Tuesday, February 2, 2010

Corporate Rights

Now that the United States Supreme Court has basically affirmed that corporations enjoy free speech rights (see a very good summary of the recent case HERE), it got me thinking: What other "right" should corporations now enjoy?

How about the right the bear arms? Sure, many companies employ armed security (my employer does, although they are not the security guards you see when you enter the building), but why stop there? Perhaps corporations should be allowed to have their own militias. Sounds crazy? I don't know that it's much crazier than the notion that a corporation as free speech rights.

Here's why I am adamantly opposed to this ruling: If speech were like water flowing through a pipe, then money is like the pressure that the water is under. My voice...my speech (and yours as well) is like a drip on the head of your elected representatives. The voice of a corporation, supported by large sums of money, is like a fire hose pointed at your elected representative. Tell me, which will get noticed?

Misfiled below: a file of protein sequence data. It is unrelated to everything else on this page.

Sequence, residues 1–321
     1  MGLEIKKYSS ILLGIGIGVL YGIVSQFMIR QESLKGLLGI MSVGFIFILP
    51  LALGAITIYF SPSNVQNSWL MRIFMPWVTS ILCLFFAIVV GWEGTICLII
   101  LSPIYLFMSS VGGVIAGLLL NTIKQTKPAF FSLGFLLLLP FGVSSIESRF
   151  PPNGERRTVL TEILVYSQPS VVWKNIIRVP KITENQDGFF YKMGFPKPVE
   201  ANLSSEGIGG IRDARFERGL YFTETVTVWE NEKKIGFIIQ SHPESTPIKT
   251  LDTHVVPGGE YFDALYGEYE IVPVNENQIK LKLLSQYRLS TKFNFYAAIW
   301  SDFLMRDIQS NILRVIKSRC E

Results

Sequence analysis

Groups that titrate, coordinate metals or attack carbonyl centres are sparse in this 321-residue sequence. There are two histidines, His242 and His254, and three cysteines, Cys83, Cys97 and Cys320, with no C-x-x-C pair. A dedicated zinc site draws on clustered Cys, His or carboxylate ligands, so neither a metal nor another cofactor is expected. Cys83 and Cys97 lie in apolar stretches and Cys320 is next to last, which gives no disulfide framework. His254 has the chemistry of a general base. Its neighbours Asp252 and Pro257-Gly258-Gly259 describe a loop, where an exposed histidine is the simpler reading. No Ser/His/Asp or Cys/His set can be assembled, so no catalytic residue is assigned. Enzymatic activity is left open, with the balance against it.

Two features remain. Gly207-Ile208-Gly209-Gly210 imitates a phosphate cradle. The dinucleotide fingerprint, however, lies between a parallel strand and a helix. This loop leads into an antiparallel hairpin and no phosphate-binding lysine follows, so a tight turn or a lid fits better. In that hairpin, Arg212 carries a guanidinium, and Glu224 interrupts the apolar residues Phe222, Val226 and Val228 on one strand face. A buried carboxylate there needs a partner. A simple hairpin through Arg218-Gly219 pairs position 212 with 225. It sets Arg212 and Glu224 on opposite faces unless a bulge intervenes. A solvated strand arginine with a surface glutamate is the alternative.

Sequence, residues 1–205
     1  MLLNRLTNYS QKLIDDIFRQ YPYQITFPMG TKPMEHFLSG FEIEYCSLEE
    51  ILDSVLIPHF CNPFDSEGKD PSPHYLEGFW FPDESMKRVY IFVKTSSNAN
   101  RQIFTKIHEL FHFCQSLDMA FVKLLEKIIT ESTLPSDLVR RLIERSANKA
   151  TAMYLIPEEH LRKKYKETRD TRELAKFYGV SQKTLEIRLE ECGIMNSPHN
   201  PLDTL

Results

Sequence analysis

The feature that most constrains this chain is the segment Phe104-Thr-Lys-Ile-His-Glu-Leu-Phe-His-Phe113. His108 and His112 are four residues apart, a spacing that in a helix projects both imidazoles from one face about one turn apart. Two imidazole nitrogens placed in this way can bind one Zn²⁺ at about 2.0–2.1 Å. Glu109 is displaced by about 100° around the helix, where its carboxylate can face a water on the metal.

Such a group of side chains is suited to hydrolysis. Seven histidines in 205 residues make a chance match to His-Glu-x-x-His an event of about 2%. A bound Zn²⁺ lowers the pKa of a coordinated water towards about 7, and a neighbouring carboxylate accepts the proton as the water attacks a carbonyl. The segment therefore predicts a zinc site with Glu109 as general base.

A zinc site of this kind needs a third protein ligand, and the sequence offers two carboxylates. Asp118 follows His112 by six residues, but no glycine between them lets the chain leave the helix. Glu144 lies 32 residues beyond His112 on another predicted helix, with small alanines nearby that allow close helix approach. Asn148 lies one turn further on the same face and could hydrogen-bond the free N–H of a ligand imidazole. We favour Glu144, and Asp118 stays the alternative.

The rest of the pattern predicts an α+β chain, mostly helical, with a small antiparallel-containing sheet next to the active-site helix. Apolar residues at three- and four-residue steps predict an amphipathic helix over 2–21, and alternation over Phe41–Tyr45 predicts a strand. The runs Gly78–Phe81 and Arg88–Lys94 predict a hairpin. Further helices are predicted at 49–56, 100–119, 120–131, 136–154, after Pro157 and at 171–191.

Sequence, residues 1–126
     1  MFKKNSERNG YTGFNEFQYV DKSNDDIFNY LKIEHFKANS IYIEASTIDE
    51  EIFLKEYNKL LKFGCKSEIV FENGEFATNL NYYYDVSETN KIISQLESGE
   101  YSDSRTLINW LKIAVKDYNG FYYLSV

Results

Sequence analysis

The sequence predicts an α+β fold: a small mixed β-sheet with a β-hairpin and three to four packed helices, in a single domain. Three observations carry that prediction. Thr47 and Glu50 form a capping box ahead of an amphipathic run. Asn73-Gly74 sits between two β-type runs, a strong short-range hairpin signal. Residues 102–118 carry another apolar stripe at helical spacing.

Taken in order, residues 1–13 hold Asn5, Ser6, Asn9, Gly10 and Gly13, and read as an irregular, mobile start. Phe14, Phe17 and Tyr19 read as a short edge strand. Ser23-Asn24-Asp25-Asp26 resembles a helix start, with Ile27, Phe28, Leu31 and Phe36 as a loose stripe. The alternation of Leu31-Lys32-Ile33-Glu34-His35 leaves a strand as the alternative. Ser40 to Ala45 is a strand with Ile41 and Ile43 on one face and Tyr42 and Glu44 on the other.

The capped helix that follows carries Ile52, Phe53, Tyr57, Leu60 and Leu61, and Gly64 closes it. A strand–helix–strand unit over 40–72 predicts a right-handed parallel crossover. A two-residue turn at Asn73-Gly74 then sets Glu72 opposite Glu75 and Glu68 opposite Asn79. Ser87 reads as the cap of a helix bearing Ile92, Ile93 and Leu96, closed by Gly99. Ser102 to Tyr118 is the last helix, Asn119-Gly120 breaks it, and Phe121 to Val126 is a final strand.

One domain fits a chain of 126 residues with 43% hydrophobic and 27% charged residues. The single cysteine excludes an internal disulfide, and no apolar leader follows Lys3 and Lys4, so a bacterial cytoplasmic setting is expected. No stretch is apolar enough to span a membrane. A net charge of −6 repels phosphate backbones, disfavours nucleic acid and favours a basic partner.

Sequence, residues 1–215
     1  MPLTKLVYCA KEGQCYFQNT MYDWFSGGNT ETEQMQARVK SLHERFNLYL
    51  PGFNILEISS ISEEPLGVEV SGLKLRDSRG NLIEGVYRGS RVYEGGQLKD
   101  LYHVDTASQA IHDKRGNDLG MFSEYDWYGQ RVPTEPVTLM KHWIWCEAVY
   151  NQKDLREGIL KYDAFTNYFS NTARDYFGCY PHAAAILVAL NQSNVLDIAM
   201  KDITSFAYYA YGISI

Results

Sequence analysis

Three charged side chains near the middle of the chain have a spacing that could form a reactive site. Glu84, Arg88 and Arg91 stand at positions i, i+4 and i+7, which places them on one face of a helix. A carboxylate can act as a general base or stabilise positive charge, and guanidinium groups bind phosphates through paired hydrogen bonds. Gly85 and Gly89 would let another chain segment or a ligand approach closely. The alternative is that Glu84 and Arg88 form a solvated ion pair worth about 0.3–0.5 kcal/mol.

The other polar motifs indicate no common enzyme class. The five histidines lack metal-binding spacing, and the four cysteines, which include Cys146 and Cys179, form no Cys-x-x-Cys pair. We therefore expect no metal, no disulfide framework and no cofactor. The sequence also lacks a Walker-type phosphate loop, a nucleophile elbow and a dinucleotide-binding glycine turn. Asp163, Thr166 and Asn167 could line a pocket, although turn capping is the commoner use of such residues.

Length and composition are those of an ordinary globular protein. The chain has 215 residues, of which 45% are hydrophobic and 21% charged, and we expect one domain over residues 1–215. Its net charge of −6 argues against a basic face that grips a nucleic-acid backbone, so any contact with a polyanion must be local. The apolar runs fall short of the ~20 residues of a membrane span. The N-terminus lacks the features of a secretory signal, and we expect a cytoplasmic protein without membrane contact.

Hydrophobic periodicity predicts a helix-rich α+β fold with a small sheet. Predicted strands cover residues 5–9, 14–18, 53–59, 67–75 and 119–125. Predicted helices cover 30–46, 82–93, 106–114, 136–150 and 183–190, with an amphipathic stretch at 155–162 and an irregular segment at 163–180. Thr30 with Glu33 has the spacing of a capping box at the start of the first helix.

I know, some will claim "but unions and liberal special interest groups...", which is a difficult argument to counter until you think back to my water analogy. One single Fortune 50 company probably earns in a given year an amount equal to several of the treasuries of the largest unions in this country. Now I am not what you would consider a union supporter (that's an understatement), but let's just keep things in perspective. Unions can never compete with for-profit special interests in the lobbying arena, as they simply lack the resources. The real truth here is that un-muzzled corporations can easily out-spend other special interest groups. Sure, shareholders have a say in all of this (which is the argument that the Limbaugh's of the world would probably make), but I highly doubt that most corporate stockholders:

1. Know how much their companies spend on lobbying
2. Care how much their companies spend on lobbying

I speak from experience, as I own many shares of my employer's stock and I have no clue as to where this information could be found. The business of a corporation is to make money for its shareholders, so if a (now) legal activity like lobbying helps in that regard, then you could make the case that there is nothing wrong about it. The "wrong" part is that corporations are legally allowed to do this in the first place; failing to use all legal means to maximize profit actually runs counter to the nature of a for-profit corporation.

Look, some may not want to admit this, but the reality of this situation is that money (in volume) is what influences elections in this country. My voice is a whisper...add it to yours it may be a chorus...but now corporations have a much more powerful megaphone. Let's see who gets heard.

1 comment:

Tom Borthwick said...

Excellently said. We've all been sold out.